I hope I didn't hijack the thread....Thanks for the help guys. it's great that a poster doesn't have to be a member of the club. I'm sure some take advantage of that, but then again there are guys like myself, who are not "T" owners and probably never will be BUT we do get involved helping the mechanically challenged owners! Not to mention restoration shop techs that don't have the specific knowledge of these cars. Thanks again... one of the daves
For David Waddell Sr. –
Note a 1926 model year car could have come from the factory with one of three different carburetors [ref: http://www.mtfca.com/encyclo/C-D.htm#Carb1 scroll down to 1925-26 ] using two basic set ups. The NH & Kingston L4 both used the “U-joint” needle valve that connected to the choke pull rod that went inside the car. The other style carburetor was the Holley Vaporizer and it used a similar choke pull rod set up, but I do not know if it is exactly the same or not. It would have been a little more forward than the NH and Kingston L4 set up as both of those were set back towards the firewall a little more as compared to the Holley Vaporizer that was basically aligned between #2 & #3 cylinders.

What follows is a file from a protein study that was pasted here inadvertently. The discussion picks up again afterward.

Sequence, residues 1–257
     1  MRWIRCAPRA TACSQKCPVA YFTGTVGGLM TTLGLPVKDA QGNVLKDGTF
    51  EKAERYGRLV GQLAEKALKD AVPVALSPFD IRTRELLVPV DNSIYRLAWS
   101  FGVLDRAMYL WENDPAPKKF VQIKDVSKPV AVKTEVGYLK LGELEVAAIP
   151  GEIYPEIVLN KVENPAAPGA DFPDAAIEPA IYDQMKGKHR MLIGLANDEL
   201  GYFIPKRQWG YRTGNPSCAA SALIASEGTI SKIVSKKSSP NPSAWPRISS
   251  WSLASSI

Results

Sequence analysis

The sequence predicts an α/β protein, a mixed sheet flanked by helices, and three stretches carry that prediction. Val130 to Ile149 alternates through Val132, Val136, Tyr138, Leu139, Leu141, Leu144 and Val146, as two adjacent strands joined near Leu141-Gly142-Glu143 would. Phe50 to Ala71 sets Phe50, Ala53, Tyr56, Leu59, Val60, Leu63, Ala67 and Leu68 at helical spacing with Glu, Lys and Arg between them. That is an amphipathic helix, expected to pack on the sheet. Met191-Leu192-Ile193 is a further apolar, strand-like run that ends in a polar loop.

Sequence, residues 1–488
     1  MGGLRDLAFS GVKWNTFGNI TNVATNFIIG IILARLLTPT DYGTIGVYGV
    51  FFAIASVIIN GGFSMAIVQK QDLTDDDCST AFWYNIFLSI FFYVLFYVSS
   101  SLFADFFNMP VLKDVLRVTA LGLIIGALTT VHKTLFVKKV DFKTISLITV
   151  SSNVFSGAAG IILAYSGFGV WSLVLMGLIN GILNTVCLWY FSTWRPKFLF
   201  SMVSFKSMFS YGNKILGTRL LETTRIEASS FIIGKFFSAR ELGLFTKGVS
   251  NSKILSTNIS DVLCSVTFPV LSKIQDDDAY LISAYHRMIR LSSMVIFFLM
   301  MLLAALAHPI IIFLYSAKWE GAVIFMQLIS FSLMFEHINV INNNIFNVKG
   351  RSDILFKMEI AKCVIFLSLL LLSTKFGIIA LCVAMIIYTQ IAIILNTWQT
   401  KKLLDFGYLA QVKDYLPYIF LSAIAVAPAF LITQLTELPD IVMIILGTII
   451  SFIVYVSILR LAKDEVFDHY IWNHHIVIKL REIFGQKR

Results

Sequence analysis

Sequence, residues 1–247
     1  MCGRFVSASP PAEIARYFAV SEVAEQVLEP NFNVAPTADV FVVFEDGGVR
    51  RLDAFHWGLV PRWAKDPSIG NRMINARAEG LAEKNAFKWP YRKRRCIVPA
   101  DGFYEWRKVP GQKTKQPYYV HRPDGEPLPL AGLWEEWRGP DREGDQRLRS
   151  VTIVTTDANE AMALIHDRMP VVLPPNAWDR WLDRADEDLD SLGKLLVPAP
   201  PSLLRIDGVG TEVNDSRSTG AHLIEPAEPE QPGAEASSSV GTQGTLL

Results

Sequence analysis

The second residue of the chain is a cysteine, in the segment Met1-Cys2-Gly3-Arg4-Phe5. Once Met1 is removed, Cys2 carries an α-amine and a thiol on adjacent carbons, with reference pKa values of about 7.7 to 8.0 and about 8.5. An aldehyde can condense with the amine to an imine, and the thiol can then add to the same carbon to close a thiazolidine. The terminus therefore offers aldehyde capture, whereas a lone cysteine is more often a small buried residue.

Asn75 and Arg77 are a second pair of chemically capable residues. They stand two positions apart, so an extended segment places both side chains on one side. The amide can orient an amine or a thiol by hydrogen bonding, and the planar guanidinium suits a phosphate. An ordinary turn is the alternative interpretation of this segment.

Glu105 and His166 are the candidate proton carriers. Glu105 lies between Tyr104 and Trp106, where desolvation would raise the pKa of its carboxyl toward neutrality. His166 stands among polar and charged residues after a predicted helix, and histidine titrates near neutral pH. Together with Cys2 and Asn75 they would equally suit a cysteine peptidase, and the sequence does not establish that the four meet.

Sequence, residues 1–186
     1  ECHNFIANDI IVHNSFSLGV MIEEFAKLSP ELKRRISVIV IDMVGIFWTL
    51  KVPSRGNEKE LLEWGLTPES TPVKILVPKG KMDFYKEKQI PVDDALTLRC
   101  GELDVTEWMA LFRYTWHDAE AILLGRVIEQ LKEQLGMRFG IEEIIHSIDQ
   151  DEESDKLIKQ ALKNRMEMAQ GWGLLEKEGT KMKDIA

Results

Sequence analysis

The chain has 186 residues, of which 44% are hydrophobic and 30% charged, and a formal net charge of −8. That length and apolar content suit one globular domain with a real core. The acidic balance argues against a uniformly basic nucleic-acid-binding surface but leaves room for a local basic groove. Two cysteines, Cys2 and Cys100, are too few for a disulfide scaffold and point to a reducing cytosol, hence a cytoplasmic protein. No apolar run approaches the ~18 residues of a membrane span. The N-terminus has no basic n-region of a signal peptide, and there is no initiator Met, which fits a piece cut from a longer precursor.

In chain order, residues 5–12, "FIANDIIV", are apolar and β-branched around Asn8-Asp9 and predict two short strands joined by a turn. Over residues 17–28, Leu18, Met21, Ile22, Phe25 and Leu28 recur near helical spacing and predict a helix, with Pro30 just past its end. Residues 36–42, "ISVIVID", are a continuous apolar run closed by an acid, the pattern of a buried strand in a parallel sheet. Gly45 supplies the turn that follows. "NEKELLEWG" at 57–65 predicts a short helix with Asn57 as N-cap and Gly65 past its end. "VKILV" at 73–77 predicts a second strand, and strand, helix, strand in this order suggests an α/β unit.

Both styles are shown below and from the Lang’s part catalog it looks like that while the needle valve changed, the part 4132 Adj rod sleeve and 4132 universal joint were the same on the Holley NH and Vaporizer. The need valve is different. Any way – be sure you get the right parts for what system your customer has. I.e. the parts for the NH may in some cases be a little different from the NH Vaporizer part. You can also just ask them to send you all the parts for whatever style carburetor set up is on the car. But not the earlier non-U-joint carb will need a U-joint needle valve to work like the original set up.
Above is the Holley NH on a 1926 and below is the Holley Vaporizer on a 1926 or 27. Both from page 34 of the Nov-Dec 1980 "Vintage Ford" used by permission to promote our club and hobby. (Thanks Jay!)
And of course over the years any combination of parts from 1909 to 1927 could be adapted to fit the 1926 engine. So you may just need to order a few parts or you may need to order additional parts to make it all line up properly. I like Lang’s for the photos etc. see their carburetor section for what you need. Top link to their web site is: https://www.modeltford.com/ paste in NH Carburetor in their search area.